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Enviroscan Ukrainian Institute of Speleology and Karstology

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Speleology in Kazakhstan

Shakalov on 04 Jul, 2018
Hello everyone!   I pleased to invite you to the official site of Central Asian Karstic-Speleological commission ("Kaspeko")   There, we regularly publish reports about our expeditions, articles and reports on speleotopics, lecture course for instructors, photos etc. ...

New publications on hypogene speleogenesis

Klimchouk on 26 Mar, 2012
Dear Colleagues, This is to draw your attention to several recent publications added to KarstBase, relevant to hypogenic karst/speleogenesis: Corrosion of limestone tablets in sulfidic ground-water: measurements and speleogenetic implications Galdenzi,

The deepest terrestrial animal

Klimchouk on 23 Feb, 2012
A recent publication of Spanish researchers describes the biology of Krubera Cave, including the deepest terrestrial animal ever found: Jordana, Rafael; Baquero, Enrique; Reboleira, Sofía and Sendra, Alberto. ...

Caves - landscapes without light

akop on 05 Feb, 2012
Exhibition dedicated to caves is taking place in the Vienna Natural History Museum   The exhibition at the Natural History Museum presents the surprising variety of caves and cave formations such as stalactites and various crystals. ...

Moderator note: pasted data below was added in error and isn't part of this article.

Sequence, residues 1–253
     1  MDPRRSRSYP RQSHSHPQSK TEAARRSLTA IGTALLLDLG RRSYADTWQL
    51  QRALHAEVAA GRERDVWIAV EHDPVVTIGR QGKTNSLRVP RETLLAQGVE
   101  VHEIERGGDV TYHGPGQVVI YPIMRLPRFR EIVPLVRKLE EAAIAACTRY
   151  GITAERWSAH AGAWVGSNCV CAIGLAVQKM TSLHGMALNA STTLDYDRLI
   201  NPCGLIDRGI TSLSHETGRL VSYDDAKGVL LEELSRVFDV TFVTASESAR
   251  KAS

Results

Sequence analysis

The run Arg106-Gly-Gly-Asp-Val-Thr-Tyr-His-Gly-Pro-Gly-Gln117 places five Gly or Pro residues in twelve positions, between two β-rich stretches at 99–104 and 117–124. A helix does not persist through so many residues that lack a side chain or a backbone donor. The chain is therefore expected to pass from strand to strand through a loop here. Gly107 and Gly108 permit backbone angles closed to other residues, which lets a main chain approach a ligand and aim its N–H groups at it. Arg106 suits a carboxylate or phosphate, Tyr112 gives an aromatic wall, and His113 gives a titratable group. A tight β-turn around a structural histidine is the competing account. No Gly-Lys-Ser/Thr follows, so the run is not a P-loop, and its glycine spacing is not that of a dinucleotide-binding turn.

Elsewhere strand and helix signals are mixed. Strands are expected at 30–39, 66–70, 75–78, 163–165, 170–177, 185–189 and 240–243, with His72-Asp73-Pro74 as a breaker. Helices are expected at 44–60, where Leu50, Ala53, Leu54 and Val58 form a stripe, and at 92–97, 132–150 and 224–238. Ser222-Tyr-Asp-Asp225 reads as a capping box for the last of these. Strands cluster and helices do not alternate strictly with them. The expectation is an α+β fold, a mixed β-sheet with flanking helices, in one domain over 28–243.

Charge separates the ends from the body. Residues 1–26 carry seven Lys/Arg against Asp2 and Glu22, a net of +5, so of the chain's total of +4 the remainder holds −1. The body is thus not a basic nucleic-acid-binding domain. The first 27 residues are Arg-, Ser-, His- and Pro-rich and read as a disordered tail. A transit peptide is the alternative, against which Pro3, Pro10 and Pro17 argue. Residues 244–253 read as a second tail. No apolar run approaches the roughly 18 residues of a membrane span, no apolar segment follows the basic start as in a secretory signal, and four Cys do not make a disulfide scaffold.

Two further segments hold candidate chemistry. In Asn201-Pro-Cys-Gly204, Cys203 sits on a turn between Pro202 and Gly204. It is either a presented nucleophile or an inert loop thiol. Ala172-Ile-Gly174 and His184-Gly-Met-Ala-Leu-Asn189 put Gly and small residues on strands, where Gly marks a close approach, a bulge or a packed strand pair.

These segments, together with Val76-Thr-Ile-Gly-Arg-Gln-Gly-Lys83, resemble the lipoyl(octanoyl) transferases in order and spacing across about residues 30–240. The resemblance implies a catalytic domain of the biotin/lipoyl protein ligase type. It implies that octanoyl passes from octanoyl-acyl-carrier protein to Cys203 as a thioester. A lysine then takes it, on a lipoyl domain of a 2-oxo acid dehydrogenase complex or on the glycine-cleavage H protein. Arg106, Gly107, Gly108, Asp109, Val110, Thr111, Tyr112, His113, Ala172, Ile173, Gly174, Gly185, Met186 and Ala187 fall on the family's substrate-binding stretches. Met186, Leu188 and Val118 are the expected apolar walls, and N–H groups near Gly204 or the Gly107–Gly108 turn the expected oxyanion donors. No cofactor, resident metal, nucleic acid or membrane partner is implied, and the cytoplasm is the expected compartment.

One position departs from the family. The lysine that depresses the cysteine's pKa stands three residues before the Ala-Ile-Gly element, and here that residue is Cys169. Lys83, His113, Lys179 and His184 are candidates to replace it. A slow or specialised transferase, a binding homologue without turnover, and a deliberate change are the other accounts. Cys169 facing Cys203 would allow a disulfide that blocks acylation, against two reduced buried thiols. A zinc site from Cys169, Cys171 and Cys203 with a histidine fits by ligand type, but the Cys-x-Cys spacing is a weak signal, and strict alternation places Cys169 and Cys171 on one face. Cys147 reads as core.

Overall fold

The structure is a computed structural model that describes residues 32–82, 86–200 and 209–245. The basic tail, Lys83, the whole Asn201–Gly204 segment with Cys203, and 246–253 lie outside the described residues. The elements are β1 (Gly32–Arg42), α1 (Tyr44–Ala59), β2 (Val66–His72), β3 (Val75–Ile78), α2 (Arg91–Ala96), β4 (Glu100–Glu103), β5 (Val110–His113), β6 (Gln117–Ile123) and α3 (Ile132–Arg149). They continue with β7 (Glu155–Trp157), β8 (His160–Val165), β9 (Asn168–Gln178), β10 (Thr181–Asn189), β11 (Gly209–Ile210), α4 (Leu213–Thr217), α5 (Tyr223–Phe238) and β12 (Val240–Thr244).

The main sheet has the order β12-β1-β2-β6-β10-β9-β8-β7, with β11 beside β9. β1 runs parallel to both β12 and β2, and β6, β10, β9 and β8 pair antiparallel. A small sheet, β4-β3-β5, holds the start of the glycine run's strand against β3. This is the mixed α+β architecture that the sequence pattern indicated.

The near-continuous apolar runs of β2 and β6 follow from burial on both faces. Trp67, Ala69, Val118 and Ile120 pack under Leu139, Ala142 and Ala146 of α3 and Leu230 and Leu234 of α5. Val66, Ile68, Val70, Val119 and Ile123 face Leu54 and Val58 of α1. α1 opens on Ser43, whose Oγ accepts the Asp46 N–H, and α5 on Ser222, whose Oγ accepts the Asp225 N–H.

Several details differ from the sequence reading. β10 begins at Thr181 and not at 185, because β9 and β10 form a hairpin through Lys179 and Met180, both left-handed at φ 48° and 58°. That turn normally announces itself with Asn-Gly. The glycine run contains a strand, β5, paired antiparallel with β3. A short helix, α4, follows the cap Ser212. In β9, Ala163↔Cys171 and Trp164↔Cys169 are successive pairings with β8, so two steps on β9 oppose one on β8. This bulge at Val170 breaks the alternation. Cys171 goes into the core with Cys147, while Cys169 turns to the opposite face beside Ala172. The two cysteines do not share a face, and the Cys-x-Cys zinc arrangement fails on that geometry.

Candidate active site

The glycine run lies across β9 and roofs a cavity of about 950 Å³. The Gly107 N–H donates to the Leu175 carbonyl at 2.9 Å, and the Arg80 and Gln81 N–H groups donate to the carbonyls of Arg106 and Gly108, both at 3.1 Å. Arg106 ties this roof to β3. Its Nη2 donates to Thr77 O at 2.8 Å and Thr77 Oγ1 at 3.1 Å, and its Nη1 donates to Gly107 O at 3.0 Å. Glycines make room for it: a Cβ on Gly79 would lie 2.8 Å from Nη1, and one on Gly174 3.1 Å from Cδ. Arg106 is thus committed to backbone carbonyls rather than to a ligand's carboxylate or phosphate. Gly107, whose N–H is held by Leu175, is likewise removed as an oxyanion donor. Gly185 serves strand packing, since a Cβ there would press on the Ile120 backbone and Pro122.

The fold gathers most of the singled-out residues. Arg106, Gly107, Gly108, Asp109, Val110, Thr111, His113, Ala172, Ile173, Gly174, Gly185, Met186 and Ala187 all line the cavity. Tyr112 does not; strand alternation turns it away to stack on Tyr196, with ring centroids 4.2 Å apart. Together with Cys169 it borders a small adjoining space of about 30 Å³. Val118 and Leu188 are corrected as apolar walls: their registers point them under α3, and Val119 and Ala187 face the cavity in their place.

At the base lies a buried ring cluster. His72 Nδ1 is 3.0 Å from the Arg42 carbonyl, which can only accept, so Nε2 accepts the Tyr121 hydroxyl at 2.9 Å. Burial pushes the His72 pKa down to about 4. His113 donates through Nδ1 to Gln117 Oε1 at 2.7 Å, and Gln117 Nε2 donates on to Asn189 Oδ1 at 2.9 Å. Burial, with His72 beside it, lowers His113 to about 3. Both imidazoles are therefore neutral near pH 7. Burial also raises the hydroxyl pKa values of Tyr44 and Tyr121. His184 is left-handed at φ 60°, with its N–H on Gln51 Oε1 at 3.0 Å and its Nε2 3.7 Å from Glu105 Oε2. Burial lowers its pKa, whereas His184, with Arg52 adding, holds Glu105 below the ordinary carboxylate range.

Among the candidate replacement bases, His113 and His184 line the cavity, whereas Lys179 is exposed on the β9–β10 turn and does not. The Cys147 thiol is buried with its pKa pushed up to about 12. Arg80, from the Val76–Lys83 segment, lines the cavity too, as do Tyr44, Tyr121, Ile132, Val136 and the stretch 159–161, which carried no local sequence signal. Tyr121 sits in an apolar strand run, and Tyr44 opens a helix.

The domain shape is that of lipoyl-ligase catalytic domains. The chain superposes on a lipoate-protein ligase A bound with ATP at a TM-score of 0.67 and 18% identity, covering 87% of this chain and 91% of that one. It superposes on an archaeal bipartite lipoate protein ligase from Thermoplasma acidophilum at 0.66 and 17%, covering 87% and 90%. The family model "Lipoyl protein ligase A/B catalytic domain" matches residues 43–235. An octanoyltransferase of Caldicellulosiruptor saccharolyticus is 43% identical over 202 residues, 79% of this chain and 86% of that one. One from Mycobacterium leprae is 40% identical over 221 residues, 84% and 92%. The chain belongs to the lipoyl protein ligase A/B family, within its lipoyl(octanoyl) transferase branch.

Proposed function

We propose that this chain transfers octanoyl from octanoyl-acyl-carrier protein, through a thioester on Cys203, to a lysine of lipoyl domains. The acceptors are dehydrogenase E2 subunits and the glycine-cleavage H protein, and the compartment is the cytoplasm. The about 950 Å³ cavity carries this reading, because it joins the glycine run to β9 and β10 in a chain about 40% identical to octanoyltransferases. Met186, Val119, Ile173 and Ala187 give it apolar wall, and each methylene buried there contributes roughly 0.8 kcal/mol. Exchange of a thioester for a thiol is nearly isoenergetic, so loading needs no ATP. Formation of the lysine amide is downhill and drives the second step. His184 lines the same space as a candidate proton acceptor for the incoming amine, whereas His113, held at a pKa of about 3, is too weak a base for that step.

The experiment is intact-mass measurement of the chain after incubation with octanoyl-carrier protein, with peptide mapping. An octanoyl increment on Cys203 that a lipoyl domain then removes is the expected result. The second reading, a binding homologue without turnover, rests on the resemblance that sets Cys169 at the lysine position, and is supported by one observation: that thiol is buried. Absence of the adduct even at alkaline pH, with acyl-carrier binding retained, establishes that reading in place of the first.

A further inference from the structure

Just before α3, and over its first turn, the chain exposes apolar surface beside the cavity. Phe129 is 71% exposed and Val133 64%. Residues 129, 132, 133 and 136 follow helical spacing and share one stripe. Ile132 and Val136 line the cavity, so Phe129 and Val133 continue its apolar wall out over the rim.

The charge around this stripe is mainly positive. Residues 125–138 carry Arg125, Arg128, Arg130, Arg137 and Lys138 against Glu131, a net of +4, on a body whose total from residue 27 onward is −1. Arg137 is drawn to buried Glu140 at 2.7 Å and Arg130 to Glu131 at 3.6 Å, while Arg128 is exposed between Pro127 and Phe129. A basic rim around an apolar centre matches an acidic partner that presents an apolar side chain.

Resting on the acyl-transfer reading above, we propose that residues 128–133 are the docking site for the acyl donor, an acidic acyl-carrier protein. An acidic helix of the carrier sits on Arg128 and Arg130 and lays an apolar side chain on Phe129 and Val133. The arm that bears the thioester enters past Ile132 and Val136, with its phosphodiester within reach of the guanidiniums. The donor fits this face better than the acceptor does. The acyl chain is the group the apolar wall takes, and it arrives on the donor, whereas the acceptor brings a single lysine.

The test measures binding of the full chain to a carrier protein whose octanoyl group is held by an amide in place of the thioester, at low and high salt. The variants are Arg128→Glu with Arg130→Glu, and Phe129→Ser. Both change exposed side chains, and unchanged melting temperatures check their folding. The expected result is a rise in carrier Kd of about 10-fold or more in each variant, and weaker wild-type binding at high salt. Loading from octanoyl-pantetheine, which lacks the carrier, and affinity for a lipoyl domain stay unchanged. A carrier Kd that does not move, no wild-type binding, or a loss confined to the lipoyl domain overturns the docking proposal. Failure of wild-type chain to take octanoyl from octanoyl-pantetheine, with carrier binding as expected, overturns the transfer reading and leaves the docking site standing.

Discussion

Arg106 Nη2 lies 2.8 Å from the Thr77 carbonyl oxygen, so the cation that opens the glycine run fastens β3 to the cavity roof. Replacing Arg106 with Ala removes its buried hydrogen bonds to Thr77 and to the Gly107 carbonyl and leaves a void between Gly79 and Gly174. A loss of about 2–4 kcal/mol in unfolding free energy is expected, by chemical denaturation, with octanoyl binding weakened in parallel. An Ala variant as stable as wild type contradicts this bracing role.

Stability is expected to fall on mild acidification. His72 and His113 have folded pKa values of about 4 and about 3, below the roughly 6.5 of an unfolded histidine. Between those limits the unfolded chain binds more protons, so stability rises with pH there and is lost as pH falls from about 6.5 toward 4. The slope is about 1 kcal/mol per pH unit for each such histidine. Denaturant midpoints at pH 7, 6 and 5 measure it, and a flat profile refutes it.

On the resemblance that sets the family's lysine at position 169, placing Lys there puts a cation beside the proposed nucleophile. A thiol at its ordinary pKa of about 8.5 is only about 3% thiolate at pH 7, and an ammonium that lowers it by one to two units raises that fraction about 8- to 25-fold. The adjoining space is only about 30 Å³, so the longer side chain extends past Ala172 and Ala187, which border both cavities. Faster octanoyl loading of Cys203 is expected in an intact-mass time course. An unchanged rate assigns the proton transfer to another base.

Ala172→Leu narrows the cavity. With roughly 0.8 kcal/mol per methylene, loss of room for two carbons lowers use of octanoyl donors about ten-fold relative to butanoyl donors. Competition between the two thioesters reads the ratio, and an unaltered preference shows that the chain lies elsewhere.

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That equivalent per million is the number of equivalent weights in a million parts per weight solution [16].?

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PO BOX 133 KLOSTERBERG 23, CH-4010 BASEL, SWITZERLAND
Eclogae Geologicae Helvetiae, 1995, Vol 88, Issue 5358, p. 59-90
THE ORIGIN OF RAUHWACKES (CORNIEULES) BY THE KARSTIFICATION OF GYPSUM
Abstract:
Rauhwackes (cornieules or cargneules) are breccias with a caicareous matrix and mainly dolomitic components that weather to form cavernous rocks. They are very often associated with tectonic contacts, e.g. detachment horizons. The origin of rauhwackes is still controversial, but has been attributed to the weathering and alteration of dolomite-bearing evaporites, the tectonisation of dolomites or other processes. New data based on field investigations show that the karstification of evaporites leads to the formation of rauhwackes. Two end member evaporitic protoliths can be distinguished: dolomite-bearing gypsum and gypsum-bearing dolomite. The karstification of the different protoliths leads to the formation of structurally distinct rauhwackes. Dolomite-bearing gypsum is associated with unstructured, often polymictic rauhwackes which reflect the shape of the karst cavities and which are interpreted as karst sediments. Gypsum-bearing dolomite occurs with stratiformal rauhwackes with fitting dolomite fragments that are arranged in layers. These rauhwackes can be regarded as collapse breccias. All investigated rauhwackes seem to have been formed after the alpine deformations and are probably of Quaternary age. In certain cases, the karstification of the evaporites and the formation of rauhwackes may have been favoured by fluvial or fluvioglacial processes at the surface. Therefore, these rauhwackes have nothing to do with alpine tectonics. Rather, it was the evaporitic protoliths of the rauhwackes that acted as detachment horizons and incompetent layers during folding